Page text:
Even if Steve Wiebe weren't already a long-standing folk hero (and crowd favorite at live events), I have a feeling that it wouldn't take him long to win them over even as a stranger.
Wiebe is the classic good guy, the fellow you just want to root for. It's that natural, effortless likeability that the producers of The King of Kong picked up on, and around which they built the emotional structure of the film.
Wiebe's top score has now been toppled by many players since the credits rolled on the movie, and some say that the game has passed him by.
Live events, however, show in no uncertain terms that he's still one of the very best competitors in the game, even after years of facing off against all the brilliant newcomers he helped bring into the fray.
Wiebe only narrowly missed taking first place at the inaugural Kong Off, hitting a near million-point kill screen before being forced to cut out early to catch his plane back home, and came in third at the Kong Off 2 with an unprecedented "back-to-back million" on the second day.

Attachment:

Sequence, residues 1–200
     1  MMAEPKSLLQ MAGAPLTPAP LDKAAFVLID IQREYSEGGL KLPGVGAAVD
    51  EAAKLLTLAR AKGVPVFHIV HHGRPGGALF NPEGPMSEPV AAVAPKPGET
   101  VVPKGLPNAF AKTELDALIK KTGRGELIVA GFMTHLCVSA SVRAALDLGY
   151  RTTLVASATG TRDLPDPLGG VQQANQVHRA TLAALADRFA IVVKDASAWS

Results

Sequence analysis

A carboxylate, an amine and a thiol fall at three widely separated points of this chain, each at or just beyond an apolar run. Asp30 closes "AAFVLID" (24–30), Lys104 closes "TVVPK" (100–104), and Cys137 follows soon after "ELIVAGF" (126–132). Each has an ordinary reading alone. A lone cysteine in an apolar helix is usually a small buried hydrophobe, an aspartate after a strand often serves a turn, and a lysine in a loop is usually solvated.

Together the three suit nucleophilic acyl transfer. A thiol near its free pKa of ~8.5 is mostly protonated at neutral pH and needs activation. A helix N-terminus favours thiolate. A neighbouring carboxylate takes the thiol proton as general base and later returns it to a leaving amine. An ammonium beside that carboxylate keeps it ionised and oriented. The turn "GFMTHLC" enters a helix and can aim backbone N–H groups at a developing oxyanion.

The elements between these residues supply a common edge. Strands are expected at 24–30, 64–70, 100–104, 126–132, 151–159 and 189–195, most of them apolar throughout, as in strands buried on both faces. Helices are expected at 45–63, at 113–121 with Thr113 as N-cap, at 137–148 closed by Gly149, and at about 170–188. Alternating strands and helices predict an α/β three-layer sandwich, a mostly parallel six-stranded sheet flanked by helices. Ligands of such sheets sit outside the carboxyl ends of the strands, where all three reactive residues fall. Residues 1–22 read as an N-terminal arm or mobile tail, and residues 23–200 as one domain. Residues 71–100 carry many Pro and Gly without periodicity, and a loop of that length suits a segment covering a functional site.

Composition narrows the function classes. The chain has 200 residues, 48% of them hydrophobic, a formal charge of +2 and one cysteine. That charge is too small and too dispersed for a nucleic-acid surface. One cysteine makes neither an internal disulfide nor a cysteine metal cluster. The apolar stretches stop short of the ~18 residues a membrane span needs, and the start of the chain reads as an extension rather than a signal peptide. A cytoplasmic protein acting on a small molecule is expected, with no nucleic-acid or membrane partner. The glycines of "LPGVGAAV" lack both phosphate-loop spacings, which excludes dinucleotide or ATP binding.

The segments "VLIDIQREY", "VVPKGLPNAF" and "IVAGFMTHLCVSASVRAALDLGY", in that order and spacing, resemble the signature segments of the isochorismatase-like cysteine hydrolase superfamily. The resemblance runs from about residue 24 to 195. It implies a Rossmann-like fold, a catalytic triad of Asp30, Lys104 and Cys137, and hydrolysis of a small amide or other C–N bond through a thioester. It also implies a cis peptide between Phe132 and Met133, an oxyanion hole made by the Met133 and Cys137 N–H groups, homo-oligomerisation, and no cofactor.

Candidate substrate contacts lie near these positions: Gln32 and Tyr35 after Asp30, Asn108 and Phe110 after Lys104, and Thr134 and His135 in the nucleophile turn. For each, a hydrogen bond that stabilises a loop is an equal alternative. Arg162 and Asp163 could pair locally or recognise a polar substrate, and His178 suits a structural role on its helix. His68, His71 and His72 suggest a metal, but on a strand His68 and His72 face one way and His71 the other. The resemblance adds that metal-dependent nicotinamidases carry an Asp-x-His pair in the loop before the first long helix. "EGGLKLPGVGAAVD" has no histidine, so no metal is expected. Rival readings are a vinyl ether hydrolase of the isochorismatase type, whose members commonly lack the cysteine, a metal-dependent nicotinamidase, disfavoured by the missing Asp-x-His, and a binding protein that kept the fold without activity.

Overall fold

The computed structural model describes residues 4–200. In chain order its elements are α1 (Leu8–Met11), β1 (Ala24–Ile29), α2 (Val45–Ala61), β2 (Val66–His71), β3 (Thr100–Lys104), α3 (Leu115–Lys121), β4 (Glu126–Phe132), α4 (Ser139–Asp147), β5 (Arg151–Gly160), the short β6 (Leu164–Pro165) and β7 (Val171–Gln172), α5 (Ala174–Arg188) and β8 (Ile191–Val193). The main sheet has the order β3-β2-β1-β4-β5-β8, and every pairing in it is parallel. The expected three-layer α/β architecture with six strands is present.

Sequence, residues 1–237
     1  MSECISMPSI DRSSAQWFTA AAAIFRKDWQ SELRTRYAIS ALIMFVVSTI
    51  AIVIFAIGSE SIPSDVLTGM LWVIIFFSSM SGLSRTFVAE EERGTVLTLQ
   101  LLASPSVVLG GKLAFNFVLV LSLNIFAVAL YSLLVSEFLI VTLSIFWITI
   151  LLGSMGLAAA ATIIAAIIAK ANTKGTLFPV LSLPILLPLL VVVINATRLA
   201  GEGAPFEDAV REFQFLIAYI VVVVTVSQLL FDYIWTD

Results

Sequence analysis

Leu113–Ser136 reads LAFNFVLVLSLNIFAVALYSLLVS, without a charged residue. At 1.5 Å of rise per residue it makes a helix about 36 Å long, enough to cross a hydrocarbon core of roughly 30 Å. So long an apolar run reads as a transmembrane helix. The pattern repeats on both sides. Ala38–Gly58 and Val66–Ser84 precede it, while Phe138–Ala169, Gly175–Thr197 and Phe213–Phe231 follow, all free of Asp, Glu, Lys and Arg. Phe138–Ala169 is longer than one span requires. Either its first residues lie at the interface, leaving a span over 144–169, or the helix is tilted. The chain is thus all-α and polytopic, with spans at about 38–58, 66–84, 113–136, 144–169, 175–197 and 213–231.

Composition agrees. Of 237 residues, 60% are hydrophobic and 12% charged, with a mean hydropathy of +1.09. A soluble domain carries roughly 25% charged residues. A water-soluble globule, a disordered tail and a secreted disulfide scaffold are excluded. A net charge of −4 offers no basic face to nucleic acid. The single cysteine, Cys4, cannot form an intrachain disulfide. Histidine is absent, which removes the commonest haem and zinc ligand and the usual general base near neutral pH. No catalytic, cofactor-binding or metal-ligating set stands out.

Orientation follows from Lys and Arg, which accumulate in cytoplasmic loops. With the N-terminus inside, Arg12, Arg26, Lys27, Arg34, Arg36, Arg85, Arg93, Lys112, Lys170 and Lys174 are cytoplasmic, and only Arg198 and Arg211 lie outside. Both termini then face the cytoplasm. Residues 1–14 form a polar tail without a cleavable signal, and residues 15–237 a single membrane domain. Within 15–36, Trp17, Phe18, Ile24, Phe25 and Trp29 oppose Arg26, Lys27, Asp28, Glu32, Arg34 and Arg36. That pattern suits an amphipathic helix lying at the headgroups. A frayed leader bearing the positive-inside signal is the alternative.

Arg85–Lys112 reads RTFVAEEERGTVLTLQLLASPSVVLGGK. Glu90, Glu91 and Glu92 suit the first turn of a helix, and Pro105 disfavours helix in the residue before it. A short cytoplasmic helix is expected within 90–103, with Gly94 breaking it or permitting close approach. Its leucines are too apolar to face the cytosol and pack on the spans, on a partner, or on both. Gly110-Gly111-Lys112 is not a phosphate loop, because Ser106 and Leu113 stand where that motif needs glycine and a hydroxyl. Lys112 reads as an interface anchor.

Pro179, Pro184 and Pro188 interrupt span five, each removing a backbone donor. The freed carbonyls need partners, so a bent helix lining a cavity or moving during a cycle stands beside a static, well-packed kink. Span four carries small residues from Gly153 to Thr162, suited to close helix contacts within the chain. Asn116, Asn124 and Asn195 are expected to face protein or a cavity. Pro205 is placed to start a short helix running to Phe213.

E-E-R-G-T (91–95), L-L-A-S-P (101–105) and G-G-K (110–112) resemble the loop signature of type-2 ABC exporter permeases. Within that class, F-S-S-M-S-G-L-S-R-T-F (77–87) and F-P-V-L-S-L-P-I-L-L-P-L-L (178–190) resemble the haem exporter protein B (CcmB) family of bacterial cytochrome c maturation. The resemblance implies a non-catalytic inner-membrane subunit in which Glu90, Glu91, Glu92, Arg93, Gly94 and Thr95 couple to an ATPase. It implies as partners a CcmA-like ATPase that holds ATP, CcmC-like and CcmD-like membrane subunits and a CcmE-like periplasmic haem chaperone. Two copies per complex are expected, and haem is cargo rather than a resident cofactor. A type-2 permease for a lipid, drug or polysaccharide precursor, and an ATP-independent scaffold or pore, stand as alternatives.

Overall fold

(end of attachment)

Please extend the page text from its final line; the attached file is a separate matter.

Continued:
Wiebe will never reclaim the world record, having opted out of serious pursuit years ago, but he certainly has nothing to prove in live play. No other player has anywhere near the success handling a chaotic, high-pressure environment (including several past world record attempts alone, on stage, in front of a crowd and a prime time television audience).
Wiebe, like his longtime rival Billy Mitchell, is known (and feared) for his consistency—his ability to deliver strong "on-demand" results while under the gun. He may no longer hold the highest score, but perhaps there's more to being a champion?
Next: Billy Mitchell »